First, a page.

From the President
CBA Government Relations Advocacy
by Robert C Brun
During my term as President the Branch has been working to develop an effective government relations advocacy program to protect and advance the interests of lawyers in British Columbia. So much of what the CBA does involves advocacy with the provincial and federal governments. Legal aid issues and access to justice concerns are always front and centre and our members expect the CBA to constantly advocate in these areas. In this article I would like to shift the focus to several other initiatives that our members may not be aware of:
1. The campaign to remove the Social Service Tax on legal services
Back in 1992 the Social Services Tax Act was amended by the previous government to include a 7 per cent provincial tax on legal services. Purportedly this was to fund legal aid. Over the past 12 years the funds collected have gone into the government’s general revenues and are not being used for their stated purpose. Legal fees are the only professional fees subject to a provincial sales tax. The tax is now 7.5 per cent. Ironically, the increase from 7 to 7.5 per cent was introduced by government to help finance increased medical costs in the province. In the result, the tax on legal services has gone up to fund medical aid at a time when legal aid funding has gone down.
CBABC representatives have met with approximately 24 MLAs and Ministers over the past several months to advocate the removal of this tax. The key messages that we are delivering include:
- The 7.5 per cent tax is discriminatory and unfair;
- The tax is not being used for the purpose for which it was intended; and
- The tax does not allow B.C. businesses (law firms and their clients) to be competitive.
To further advance this campaign we are in the process of forming a Social Services Tax Task Force. The sole purpose of this group will be to advocate the elimination of this discriminatory tax. We expect the task force to be in place by the end of March.
2. The Real Estate Act
Recently the government proposed changes to the Real Estate Act that would eliminate the right of lawyers to help their clients sell real estate. CBABC initiated an intensive campaign and consultation process with the Real Estate Association, Real Estate Council, Law Society and Society of Notaries Public. We are pleased to announce that it appears that the efforts of all parties to reach agreement have been successful, and the lawyers exemption under the Act will remain.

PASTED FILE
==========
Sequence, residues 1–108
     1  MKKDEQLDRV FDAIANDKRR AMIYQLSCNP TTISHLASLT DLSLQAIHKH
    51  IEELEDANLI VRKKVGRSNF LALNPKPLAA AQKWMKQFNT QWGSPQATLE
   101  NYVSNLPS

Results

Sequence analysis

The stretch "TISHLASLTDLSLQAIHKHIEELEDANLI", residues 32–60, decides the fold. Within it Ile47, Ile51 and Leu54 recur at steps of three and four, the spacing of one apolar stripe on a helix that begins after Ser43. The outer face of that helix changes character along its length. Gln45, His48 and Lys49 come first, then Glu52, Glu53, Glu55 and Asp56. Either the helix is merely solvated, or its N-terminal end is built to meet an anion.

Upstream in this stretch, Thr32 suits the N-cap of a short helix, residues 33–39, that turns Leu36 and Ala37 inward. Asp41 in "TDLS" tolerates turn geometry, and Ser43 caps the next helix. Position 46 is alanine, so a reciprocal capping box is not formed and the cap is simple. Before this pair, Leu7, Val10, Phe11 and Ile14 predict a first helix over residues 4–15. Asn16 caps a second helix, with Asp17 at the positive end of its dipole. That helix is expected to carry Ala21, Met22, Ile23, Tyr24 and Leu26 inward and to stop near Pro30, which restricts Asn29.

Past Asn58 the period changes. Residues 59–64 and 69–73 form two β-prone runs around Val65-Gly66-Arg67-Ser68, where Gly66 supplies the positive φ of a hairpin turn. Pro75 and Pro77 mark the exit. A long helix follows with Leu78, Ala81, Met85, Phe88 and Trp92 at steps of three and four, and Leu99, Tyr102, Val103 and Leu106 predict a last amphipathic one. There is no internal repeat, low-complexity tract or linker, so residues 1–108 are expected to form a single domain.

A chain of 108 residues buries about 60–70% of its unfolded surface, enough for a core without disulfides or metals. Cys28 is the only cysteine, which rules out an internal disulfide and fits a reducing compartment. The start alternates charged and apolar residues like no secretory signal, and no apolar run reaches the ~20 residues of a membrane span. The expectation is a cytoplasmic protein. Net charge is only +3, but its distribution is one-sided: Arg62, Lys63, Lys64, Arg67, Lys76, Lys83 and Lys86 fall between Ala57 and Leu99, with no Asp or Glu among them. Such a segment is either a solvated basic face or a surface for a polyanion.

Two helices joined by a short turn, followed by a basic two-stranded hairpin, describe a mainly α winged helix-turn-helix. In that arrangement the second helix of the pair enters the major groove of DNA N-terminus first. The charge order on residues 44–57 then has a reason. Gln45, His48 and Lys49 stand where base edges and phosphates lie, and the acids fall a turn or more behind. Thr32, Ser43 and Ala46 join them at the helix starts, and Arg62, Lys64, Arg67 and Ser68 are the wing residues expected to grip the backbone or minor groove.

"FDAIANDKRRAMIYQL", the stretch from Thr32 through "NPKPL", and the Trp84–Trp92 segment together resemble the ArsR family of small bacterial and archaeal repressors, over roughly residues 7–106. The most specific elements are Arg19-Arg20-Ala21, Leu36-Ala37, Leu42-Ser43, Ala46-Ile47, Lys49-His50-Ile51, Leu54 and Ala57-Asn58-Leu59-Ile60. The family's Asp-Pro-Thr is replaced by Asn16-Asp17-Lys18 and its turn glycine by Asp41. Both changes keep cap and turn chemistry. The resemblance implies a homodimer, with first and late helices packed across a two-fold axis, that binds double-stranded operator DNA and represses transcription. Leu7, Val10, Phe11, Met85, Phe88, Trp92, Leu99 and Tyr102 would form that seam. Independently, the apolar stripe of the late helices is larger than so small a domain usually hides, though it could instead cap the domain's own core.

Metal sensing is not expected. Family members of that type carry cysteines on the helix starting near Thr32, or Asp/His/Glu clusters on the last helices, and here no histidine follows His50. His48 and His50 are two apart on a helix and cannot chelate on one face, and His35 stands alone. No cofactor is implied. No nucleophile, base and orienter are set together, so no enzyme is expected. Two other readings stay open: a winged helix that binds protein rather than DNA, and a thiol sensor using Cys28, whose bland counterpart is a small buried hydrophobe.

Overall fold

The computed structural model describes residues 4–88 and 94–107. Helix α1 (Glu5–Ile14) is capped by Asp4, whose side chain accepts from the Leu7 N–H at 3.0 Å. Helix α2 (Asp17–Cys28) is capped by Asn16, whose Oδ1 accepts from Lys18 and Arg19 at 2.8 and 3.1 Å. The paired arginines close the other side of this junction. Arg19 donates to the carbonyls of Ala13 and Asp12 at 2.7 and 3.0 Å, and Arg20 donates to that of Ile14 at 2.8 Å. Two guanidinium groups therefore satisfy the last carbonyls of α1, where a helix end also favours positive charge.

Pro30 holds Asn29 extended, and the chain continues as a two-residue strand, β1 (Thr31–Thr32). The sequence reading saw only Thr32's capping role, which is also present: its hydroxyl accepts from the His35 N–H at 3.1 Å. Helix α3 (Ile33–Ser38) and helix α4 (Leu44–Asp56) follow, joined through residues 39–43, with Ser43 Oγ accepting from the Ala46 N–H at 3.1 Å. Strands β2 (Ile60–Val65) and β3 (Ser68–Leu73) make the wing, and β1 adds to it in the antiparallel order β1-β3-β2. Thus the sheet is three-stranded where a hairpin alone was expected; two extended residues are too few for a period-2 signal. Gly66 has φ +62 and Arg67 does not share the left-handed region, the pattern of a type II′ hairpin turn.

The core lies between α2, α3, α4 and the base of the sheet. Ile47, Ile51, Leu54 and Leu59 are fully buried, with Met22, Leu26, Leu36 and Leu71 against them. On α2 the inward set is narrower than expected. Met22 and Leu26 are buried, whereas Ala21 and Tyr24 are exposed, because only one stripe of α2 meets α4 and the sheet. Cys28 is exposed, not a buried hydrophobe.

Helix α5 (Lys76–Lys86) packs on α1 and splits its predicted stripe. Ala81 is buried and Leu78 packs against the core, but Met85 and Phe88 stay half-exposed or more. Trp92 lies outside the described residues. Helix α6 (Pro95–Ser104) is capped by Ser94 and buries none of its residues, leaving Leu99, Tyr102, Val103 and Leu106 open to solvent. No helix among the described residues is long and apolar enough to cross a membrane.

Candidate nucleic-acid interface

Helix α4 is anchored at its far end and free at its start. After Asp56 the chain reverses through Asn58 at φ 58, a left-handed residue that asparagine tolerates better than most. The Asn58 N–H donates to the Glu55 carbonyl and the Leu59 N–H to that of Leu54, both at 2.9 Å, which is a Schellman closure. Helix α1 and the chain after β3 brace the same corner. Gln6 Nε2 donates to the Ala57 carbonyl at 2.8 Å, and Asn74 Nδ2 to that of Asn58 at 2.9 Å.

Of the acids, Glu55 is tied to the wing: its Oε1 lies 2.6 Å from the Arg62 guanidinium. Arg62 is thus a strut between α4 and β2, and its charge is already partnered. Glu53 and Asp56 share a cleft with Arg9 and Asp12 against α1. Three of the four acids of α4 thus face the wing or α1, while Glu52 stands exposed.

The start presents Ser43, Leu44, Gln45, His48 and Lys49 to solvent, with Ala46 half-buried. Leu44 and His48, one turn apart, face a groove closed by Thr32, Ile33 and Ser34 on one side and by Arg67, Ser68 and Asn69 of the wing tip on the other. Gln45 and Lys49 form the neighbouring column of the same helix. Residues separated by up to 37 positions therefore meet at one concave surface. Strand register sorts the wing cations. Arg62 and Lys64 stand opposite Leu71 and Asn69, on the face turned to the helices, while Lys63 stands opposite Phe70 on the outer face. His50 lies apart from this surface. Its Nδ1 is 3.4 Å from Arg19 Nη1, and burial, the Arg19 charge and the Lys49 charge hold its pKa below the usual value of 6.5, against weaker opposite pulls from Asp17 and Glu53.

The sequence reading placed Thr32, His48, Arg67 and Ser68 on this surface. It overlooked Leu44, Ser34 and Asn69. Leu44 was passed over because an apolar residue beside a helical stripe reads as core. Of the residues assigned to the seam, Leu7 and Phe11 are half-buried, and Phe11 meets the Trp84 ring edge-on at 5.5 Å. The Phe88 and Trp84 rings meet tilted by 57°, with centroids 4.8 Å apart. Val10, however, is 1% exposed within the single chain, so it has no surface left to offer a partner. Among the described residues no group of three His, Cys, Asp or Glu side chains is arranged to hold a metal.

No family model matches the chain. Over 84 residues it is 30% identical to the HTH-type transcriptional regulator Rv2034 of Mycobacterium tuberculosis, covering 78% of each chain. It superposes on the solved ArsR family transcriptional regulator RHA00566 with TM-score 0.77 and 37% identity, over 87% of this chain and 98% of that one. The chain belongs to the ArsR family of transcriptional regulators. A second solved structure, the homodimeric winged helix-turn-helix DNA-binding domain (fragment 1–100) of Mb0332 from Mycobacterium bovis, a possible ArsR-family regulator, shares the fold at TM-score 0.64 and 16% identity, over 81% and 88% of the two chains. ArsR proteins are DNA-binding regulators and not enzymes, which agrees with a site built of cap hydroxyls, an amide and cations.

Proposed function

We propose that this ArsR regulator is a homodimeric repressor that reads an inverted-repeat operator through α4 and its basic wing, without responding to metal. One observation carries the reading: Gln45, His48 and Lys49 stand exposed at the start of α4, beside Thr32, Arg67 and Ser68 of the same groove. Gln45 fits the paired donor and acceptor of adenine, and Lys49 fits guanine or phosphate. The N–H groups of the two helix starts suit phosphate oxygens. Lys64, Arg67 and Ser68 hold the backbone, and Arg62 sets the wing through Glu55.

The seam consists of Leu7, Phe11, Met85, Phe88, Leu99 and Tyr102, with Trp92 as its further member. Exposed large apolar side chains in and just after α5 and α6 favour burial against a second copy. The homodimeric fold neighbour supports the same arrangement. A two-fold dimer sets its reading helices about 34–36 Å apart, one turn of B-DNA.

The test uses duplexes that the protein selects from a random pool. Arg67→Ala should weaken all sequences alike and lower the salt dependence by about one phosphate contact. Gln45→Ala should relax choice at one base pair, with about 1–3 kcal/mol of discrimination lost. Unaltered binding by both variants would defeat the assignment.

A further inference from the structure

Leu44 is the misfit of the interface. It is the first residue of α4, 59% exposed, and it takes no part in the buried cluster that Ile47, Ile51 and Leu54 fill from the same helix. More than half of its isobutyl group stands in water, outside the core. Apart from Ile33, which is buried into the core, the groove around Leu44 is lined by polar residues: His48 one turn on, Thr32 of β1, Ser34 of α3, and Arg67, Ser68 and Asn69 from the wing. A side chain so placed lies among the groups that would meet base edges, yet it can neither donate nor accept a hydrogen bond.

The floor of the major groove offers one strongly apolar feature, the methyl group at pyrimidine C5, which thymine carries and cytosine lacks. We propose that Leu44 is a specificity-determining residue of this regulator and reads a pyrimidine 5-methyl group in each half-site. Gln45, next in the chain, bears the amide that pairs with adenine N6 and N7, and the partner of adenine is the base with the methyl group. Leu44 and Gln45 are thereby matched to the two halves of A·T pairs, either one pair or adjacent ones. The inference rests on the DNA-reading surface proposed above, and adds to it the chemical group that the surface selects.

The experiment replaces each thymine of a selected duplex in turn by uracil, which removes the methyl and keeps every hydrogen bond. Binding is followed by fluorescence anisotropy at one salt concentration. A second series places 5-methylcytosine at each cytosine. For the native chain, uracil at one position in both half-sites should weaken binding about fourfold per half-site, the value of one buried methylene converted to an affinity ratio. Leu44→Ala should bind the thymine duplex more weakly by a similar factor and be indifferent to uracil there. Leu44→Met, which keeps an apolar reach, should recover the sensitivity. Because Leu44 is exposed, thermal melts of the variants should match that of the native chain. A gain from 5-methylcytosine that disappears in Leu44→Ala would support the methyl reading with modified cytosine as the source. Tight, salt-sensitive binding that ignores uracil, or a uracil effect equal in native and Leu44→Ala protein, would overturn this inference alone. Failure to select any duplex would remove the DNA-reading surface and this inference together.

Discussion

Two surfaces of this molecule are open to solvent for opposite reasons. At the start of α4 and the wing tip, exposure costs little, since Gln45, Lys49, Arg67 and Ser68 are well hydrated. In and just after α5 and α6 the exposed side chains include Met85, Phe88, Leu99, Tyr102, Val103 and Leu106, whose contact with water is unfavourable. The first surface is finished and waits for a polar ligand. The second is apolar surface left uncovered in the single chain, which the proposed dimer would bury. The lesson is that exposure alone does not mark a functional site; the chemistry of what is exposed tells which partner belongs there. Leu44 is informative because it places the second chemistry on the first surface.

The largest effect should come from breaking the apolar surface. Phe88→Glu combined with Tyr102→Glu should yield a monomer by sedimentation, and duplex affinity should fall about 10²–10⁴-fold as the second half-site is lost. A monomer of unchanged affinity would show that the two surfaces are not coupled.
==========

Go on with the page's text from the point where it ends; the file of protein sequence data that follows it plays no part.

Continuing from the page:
3. Solicitors Liens and the Personal Information Protection Act
CBABC and the Law Society have raised to government our shared concerns that the Personal Information Protection Act might permit individuals to use privacy legislation to improperly defeat valid solicitors’ liens. The CBABC has been lobbying extensively with the government, including the Minister responsible, to ensure that this unintended consequence is remedied. On March 23, I met with the Honourable Joyce Murray, Minister of Management Services, to discuss this issue and potential solutions. The CBABC will continue to work to obtain an effective resolution of this potential conflict.
The role of the CBA
The Canadian Bar Association’s primary focus is to ensure that the interests of lawyers are protected and advanced. National and CBABC staff, plus an army of dedicated lawyer volunteers, work tirelessly to fulfil this mandate. As Branch President I am truly amazed at the time and energy our members give to meet this commitment.
This article was published in the April 2004 issue of BarTalk. © 2004 The Canadian Bar Association. All rights reserved.